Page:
Frontlines: Fast Food Worker Hell

Fast food workers face degrading working conditions as well as low pay. (Image Credit: iStock)

We can all agree that fast food is not good for our physical health. But what about the health of those making and serving the food? Fast food is cheap and quick, but what do workers have to go through in order to keep things fast and cheap? Well, here’s my account of what it was like working behind the counter at the U.S.’s favorite fast food joint. The toll on workers mental and physical health is huge; something I learned quickly while being there.

The entire time I worked in McDonald’s I was stationed in the back drive-through and I hated every second of it. I had to not only take orders from the drive-through, but also confirm, charge, and take coupons from customers at the window simultaneously, for eight hours straight. I was expected to stand up the entire time. If we were lucky enough to have a slow period, I wasn’t allowed to rest even then. No sitting, no snacks, no phone usage, nothing. It was exhausting. Every day after I got off I would pass out as soon as I got home.

Each store within a certain area was in competition with each other. On a flat screen TV management displayed the average time it took each store in the area to get customers in and out of drive-through. We were pressured to compete with each other to be the fastest, and as far as I can tell, there wasn’t a benefit or prize to be won, other than for the managers. Each store aimed to have customers in and out in under 90 secs, meaning they could take no more than 30 sec at each window. This is unrealistic for many reasons:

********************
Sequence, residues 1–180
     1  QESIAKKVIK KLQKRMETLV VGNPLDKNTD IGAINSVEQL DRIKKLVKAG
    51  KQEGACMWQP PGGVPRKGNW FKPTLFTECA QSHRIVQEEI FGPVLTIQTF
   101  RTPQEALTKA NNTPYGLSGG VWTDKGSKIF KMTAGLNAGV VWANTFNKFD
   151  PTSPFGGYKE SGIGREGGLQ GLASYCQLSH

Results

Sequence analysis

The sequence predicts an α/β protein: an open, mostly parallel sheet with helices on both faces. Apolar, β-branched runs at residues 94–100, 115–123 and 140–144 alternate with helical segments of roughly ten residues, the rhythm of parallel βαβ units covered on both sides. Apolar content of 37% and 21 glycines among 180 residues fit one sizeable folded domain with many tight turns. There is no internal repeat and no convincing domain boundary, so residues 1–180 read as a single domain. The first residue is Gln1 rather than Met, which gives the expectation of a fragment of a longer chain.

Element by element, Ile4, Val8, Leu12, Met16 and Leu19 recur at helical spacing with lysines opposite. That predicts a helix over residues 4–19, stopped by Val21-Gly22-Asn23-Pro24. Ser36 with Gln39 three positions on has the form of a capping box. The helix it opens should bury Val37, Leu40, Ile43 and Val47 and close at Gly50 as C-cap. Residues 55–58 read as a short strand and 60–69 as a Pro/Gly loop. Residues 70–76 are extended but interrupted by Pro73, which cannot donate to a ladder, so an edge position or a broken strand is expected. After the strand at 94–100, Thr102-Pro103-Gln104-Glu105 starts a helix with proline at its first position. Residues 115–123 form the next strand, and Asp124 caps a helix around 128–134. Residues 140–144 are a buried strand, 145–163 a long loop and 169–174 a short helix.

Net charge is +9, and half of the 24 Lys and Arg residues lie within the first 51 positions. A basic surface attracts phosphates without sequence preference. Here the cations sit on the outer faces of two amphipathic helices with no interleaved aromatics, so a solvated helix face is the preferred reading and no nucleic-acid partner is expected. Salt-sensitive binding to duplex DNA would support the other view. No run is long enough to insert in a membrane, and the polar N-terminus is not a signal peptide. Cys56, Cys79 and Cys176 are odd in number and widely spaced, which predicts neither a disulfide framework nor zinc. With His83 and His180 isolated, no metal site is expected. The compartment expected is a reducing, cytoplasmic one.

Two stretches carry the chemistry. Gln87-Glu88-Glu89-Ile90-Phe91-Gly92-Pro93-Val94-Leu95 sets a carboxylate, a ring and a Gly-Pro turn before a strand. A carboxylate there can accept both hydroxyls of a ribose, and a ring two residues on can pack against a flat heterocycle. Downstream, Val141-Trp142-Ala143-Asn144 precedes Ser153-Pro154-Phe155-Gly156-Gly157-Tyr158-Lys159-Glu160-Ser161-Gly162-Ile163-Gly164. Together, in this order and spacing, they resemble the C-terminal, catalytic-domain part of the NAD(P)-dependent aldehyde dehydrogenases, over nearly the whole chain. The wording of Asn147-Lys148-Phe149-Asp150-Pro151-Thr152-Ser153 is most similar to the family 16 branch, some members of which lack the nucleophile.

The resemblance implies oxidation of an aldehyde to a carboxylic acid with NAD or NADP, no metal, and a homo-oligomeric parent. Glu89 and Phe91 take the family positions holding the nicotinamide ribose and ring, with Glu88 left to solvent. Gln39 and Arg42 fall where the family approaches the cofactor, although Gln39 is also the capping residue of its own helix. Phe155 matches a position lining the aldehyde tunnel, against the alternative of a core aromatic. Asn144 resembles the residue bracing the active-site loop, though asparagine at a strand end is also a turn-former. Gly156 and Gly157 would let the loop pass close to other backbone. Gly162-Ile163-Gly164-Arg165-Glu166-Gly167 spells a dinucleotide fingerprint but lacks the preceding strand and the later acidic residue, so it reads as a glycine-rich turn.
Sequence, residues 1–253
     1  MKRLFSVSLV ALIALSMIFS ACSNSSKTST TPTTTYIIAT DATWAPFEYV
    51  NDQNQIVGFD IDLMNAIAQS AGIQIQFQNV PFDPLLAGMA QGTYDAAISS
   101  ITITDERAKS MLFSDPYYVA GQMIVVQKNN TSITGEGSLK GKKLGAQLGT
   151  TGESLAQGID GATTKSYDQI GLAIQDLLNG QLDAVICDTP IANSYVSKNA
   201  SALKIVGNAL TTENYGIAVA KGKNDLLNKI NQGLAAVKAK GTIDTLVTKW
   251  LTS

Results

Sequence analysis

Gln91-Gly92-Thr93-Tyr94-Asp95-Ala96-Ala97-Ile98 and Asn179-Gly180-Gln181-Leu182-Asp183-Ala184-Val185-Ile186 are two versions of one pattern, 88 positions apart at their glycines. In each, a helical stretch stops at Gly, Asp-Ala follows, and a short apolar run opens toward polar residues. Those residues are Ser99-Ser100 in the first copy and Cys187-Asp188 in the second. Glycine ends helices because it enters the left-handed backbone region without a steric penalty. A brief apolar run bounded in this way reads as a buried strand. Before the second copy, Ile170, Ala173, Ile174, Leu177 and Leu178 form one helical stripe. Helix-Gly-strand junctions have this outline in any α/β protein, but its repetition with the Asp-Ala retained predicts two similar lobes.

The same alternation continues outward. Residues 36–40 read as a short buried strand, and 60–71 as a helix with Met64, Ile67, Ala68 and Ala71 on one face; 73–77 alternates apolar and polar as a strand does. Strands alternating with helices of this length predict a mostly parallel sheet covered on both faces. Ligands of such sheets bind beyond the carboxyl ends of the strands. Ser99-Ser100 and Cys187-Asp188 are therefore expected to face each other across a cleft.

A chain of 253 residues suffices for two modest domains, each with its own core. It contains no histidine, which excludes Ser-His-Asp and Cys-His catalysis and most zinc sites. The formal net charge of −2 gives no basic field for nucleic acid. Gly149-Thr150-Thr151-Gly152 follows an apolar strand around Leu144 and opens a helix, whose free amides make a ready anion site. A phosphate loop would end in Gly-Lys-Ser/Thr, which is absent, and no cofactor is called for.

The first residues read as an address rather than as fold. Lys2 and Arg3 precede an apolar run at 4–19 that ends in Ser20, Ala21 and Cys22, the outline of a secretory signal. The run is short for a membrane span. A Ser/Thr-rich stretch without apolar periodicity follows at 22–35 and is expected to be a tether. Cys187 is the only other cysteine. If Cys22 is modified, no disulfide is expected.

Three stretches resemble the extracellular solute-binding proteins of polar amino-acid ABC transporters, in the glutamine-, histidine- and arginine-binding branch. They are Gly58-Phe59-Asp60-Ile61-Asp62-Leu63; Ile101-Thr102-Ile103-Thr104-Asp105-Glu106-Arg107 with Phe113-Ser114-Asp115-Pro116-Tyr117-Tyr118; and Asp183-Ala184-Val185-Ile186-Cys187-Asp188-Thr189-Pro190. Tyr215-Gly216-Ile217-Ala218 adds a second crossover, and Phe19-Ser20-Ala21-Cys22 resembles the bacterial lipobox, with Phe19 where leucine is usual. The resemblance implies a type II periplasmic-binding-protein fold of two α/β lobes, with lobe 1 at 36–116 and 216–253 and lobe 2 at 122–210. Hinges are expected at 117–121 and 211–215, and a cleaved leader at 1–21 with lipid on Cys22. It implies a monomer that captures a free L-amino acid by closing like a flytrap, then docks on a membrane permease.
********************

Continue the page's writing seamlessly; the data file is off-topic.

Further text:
1. Customers didn’t always know what they wanted when they got there, or they may have had a massive order.
  2. Many customers wanted to change their orders at the window, had some sort of coupon, or just took a long time to pull up.
  3. There could be some sort of human error on either end, whether it was an employee mishearing the customer, or an item not placed in the bag so it held up the line.

So, when things slowed down, it was usually for reasons out of our control. But we were the first to be blamed by management, regardless of whose fault it was.

On top of all of this our “break room” was pathetic. There was no fridge, no microwave, barely any chairs, and a small table. This meant we ended up having to sit in the dining area with customers during our break. If you think using the bathroom was something we’d be able to do any time, you’d be wrong. We had to ask permission because the bathrooms were locked, so managers had to unlock them or someone at the counter had to buzz us in. There was no respect in any of it.

Working there took a harsh toll on my mental and physical health. Every day I came home from work tired, miserable, and annoyed from being talked down to and even yelled at by managers and customers. I had such little mental energy it was amazing that I was able to keep up with the school work that I had at the time. I am so glad I was able to leave, but I think about the fact that some people are forced to spend years working in the industry because they have no other choice. In my experience people are used to being treated this way. We just try to accept things and work through them, especially since often we think of it as temporary work. But we shouldn’t have to put up with this kind of treatment for any amount of time. Fast food isn’t worth our health, time, or energy.